Attorney Gery Chico on Thursday launched his bid for mayor of Chicago, becoming the second person to join the race after Mayor Rahm Emanuel announced on Sept. 4 that he would not seek a third term.
Chico ran for mayor unsuccessfully in 2011 and served as chief of staff to former mayor Richard M. Daley from 1992 to 1995. He has also worked as president of the Chicago Board of Education, chairman of the Illinois State Board of Education, president of the Chicago Park District Board of Commissioners, and chairman of City Colleges of Chicago.
Chico joined Morning Shift host Tony Sarabia to talk about why he’s vying for the city’s top job.
On why he announced his run after Emanuel dropped out
Gery Chico: I ran against Rahm Emanuel in 2011. Secondly, it’s hard to run against somebody when you’re working with them. Rahm Emanuel had asked me to recruit corporate sponsors — large companies and small companies — to support Chicago public high schools in a STEM engineering initiative. I’m in the middle of doing that. I wasn’t raised to be somebody that puts a knife in your back when you’re helping somebody move our city forward.
On why he’s experienced to be mayor
Chico: Well, I want a safer and stronger Chicago. And I don’t say that just as a phrase; I think we need it. My wife and my family and I have been lucky to get a lot of opportunities in this city, and we’ve taken advantage of them, and we’ve been successful. … I’m born and raised in Chicago, I love it, I breathe it, I’m here every day. And our businesses are here, our kids are here, and now thankfully, our grandchildren are here. …
[My work] experience combined with my life experience of being in these communities and being Chicago through and through gives me the experience to drive my agenda. And my agenda is reducing violence, making the schools stronger, and rebuilding our neighborhoods unlike they’ve ever been rebuilt before.
On police training and the murder trial of Chicago Police Officer Jason Van Dyke
Chico: What’s changed over eight years is the need for training among our police department. We have not kept pace. …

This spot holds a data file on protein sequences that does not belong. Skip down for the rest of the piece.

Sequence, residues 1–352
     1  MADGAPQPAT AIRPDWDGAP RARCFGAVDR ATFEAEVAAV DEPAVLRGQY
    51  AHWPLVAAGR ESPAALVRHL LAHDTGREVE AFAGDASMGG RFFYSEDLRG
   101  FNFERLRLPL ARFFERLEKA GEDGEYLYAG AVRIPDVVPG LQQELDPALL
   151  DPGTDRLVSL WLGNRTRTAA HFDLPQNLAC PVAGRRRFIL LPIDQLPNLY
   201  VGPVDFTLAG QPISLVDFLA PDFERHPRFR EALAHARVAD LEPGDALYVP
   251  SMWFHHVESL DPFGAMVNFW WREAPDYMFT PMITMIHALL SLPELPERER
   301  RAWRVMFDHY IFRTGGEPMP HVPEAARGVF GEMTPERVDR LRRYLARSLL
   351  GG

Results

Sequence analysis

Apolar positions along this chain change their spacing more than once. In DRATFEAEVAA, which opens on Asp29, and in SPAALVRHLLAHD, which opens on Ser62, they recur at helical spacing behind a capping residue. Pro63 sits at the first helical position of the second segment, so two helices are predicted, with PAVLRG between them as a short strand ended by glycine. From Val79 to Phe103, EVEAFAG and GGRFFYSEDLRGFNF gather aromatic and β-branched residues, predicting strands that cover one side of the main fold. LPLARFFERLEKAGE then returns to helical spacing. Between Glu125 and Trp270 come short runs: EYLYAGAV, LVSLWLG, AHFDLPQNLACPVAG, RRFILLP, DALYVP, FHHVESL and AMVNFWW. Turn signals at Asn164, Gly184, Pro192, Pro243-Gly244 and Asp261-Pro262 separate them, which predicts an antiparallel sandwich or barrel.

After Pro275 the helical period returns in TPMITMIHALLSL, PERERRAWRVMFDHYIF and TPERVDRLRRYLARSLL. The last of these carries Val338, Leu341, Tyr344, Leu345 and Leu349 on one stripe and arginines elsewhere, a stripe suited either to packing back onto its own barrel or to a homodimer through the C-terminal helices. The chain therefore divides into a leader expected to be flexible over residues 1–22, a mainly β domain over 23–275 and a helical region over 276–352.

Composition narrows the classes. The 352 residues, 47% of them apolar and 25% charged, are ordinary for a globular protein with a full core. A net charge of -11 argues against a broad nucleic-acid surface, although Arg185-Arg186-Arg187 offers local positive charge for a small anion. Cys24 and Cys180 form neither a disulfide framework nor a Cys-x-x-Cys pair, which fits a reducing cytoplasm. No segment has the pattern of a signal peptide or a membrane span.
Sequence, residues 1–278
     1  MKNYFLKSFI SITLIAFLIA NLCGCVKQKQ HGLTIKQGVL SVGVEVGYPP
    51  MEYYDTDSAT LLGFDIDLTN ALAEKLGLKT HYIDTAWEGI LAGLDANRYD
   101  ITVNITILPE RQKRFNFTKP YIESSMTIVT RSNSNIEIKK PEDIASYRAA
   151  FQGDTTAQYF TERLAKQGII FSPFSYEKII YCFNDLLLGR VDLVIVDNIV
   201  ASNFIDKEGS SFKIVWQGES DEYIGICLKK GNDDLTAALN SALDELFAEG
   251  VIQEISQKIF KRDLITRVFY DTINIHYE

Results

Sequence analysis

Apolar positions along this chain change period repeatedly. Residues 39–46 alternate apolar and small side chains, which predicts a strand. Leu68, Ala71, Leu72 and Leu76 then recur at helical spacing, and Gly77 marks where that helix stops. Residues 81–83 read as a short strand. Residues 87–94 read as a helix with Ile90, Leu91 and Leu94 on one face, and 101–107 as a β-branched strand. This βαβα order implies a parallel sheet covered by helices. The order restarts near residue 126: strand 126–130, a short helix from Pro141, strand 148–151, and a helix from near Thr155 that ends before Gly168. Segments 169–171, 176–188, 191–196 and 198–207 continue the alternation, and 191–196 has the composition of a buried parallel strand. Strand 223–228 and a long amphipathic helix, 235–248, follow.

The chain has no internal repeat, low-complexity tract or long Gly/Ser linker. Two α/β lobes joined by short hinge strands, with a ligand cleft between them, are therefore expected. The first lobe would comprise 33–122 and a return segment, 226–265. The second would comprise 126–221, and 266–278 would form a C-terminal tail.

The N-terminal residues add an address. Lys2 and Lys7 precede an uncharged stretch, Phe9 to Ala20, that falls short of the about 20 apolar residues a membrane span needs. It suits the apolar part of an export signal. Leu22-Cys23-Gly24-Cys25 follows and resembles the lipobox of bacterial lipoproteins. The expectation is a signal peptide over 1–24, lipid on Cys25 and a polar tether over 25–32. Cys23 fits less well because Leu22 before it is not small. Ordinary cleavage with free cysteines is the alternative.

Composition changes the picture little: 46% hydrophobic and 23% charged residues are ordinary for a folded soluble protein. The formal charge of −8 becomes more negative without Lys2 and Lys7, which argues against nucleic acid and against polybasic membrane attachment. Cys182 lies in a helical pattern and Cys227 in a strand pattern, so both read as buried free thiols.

The training I’m calling for is to deal with situations like [Officer Jason Van Dyke shooting Laquan McDonald]. … We can’t just assume that because an officer had that exposure when they were a rookie on the police department, that 17, 18 years later, they know exactly what the modern and current technique is to deal with those situations.
On community policing
Chico: When I worked for the mayor’s office in the early ‘90s, we began community policing. It showed tremendous results. We saw people from communities sitting with police talking about — together — working on preventing crime and solving crime.
What’s the biggest issue we have today? People won’t come forward and talk to police about solving crimes.
On community mental health resources
Chico: [Opening more mental health facilities] would be my goal [as mayor]. One of my daughters is in mental health and is talking to me all the time about the need for more and high-quality mental health options for people in the city. You can just see it around us. People have been left out in the cold, and that’s not the kind of city we want to be.
On what he thinks Emanuel did well
Chico: I think he worked very hard to bring a number of companies into this city that otherwise might not have been here. He’s a tireless worker to make that happen. And the reason I support that is those companies by and large hire Chicagoans, and our people need jobs. And I think the mayor worked very hard to get additional resources to Chicago Public Schools through this battle with the governor about the education funding formula.
This interview has been edited for brevity and clarity. Click the “play” button to listen to the entire conversation.